Cognitive-Behavioral Therapy for Pediatric Obsessive-Compulsive Disorder: Empirical Review and Clinical Recommendations
Psychology | Social and Behavioral Sciences
The efficacy of cognitive-behavioral therapy (CBT) for pediatric obsessive-compulsive disorder (OCD) has been the subject of much study over the past fifteen years. Building on a foundation of case studies and open clinical trials, the literature now contains many methodologically sound studies that have compared full CBT protocols to waitlist controls, pill placebo, psychosocial comparison conditions, active medication, combined treatments, and brief CBT. This review is part of a series commissioned by The Canadian Institute for Obsessive Compulsive Disorders (CIOCD) in an effort to publish in one place what is known about the efficacy of treatments for OCD. A total of fourteen studies were identified; collectively their findings support the efficacy of CBT for youth with OCD. CBT protocols that emphasized either strictly behavioral or cognitive conceptualizations have each been found efficacious relative to waitlist controls. Efforts to enhance CBT's efficacy and reach have been undertaken. These trials provide guidance regarding next steps to be taken to maximize efficacy and treatment availability. Findings from studies in community clinics suggest that significant treatment benefits can be realized and are not reported only from within academic contexts. These findings bode well for broader dissemination efforts. Recommendations for future research directions are provided.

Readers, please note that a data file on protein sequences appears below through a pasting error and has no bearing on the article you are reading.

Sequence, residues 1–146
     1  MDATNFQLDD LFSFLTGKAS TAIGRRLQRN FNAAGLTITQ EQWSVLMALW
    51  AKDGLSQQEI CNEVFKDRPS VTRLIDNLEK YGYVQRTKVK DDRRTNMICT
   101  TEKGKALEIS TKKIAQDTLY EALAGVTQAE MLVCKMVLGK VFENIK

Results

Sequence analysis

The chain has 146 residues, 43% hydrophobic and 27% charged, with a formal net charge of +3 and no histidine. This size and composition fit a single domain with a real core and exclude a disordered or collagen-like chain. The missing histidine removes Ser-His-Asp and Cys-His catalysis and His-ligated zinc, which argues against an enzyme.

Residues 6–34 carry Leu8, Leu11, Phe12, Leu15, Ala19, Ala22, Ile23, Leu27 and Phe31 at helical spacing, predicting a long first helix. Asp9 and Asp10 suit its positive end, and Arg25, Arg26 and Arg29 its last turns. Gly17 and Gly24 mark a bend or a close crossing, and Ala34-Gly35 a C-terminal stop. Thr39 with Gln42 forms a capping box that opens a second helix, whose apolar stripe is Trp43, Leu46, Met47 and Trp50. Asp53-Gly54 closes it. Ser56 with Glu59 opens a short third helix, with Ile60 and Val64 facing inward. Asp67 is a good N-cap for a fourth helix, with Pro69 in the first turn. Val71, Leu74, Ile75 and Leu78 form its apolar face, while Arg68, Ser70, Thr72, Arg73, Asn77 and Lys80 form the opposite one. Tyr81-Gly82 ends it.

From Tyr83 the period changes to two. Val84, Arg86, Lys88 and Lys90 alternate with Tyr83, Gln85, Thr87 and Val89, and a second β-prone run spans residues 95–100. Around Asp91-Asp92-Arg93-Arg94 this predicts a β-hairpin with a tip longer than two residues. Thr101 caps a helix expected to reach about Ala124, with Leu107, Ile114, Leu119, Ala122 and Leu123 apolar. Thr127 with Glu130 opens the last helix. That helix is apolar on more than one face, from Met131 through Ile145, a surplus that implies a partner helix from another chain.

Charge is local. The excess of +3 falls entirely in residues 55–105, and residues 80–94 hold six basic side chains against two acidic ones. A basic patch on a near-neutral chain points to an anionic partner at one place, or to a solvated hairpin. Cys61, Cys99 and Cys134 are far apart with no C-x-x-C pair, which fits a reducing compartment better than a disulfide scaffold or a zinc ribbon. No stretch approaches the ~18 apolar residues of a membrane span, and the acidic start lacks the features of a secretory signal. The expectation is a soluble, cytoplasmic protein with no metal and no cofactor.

Franklin, M.S., Kratz, H.E., Freeman, J.B., Ivarsson, T., Heyman, I., Sookman, D., McKay, D., Storch, E.A., & March, J. (2015). Cognitive behavioral therapy for pediatric Obsessive-Compulsive Disorder: Empirical review and clinical recommendations. Psychiatry Research, 227, 78-92.
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